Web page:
While introducing the topic of religion into regular museum tours can be tricky, there are some site histories that require some mention in order to fully understand the influence that faith had on that specific family or event. One such museum that deals with the issue of religion for that reason is Surratt House Museum in Clinton, Maryland, a historic property of The Maryland-National Capital Park and Planning Commission.
The history of this site is related to the Surratt family and their involvement with John Wilkes Booth in the plots against Abraham Lincoln–first to kidnap and then to assassinate the President. Mary Surratt became the first woman to be executed by the federal government for her involvement in the plots; and her strong Catholic faith plays a significant role in shaping her life from her conversion as a teenager, through a difficult marriage and then the circumstances of her arrest, imprisonment, and execution. This at a time when the Catholic Church was frowned on by many Americans.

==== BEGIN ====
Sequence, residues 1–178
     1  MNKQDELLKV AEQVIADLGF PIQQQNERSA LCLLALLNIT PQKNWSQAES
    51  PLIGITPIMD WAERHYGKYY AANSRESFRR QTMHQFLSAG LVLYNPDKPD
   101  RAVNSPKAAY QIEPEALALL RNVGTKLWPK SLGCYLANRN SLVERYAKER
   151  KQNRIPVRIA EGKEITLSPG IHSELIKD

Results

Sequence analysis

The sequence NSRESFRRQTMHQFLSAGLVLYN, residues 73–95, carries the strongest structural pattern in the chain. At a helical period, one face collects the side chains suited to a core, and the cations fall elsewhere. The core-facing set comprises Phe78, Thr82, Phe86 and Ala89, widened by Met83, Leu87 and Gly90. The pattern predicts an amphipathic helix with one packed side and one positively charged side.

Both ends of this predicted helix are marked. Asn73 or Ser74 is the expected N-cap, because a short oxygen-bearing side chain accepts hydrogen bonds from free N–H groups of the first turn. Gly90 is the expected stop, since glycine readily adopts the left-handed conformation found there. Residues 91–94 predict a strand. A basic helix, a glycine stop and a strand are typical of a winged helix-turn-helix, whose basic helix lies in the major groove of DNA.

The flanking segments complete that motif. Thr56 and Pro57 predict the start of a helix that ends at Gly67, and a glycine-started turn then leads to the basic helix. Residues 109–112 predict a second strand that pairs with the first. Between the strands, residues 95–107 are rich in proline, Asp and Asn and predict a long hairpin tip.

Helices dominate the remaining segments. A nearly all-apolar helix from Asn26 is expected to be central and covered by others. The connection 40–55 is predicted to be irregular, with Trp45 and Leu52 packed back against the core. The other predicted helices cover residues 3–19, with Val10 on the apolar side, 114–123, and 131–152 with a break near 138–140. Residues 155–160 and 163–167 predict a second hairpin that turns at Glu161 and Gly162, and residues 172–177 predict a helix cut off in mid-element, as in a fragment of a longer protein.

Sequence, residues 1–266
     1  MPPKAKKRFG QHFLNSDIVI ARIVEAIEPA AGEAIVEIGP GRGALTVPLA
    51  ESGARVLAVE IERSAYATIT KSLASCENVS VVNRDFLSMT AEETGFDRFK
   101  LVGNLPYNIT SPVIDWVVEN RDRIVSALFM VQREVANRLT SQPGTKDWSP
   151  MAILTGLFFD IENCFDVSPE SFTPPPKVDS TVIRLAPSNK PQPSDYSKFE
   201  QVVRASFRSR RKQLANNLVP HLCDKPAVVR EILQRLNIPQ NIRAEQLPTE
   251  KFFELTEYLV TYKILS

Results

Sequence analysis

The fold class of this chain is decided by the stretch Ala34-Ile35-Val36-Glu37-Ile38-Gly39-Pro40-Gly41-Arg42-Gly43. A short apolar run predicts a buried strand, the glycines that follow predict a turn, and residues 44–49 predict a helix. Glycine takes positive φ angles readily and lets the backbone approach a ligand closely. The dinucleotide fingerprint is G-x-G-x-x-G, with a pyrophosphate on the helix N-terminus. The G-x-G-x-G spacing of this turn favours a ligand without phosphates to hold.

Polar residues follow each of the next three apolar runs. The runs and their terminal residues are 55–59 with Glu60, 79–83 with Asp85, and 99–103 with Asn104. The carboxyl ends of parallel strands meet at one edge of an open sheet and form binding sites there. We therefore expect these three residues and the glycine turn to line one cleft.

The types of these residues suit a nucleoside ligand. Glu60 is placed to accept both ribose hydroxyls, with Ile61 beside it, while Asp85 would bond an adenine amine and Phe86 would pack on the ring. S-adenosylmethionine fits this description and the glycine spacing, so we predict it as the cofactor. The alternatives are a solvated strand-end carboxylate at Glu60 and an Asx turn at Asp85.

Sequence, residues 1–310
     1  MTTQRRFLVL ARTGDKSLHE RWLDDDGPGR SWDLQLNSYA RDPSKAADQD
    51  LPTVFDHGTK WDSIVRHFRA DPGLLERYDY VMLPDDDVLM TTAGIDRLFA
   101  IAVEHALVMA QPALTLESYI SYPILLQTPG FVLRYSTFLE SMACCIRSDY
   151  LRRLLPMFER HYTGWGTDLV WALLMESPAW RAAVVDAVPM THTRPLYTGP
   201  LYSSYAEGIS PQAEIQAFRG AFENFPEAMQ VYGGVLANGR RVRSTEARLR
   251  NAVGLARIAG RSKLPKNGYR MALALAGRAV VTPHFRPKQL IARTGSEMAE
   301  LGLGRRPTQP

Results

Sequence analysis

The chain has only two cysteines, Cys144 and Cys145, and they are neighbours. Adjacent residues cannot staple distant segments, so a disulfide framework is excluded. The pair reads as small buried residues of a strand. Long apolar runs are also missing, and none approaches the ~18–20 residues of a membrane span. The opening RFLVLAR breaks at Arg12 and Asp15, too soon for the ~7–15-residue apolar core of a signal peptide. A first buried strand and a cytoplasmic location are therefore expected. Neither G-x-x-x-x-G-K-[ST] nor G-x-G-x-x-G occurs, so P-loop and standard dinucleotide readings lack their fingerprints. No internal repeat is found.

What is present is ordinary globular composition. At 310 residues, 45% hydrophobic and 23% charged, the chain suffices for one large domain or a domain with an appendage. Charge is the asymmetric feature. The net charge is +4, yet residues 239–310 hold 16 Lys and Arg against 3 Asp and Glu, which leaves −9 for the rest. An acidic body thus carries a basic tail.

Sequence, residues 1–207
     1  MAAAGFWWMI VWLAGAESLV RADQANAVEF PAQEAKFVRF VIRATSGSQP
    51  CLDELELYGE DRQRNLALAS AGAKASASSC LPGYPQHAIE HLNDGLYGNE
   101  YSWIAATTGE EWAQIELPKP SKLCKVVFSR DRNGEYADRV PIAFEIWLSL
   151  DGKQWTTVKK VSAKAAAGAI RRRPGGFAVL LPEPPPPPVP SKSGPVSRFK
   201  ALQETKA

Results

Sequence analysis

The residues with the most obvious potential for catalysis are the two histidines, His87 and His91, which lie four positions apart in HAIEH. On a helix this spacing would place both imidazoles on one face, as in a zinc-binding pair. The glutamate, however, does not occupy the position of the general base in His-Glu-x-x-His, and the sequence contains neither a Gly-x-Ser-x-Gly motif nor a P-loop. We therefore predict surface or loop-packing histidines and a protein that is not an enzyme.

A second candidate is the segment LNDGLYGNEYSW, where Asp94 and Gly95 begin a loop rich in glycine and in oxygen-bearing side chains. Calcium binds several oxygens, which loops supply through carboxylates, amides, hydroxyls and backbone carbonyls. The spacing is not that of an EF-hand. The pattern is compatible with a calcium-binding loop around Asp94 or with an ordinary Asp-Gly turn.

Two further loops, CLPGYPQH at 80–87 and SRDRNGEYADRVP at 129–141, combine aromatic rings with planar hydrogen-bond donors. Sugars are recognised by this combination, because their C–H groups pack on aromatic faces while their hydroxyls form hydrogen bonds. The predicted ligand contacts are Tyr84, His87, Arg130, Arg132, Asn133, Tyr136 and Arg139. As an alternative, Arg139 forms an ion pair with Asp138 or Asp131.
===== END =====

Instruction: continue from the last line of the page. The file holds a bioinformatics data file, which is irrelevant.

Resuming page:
During this webinar, Susan Proctor, education coordinator at Surratt House, will discuss the elements of religion that have been incorporated into the history of Mary Surratt and the museum. Barbara Franco, member of the AASLH Religious History Affinity Group and co-author of the upcoming book Interpreting Religion at Historic Sites and Museums, will serve as moderator for this session.
Historic House Calls are online discussions featuring hot topics for historic house museums. Led by experts in the field, and organized by members of AASLH Historic House Affinity Group Committee, they encourage attendees to join in the discussion.
Historic House Calls are free for AASLH members. Nonmembers can register for $40.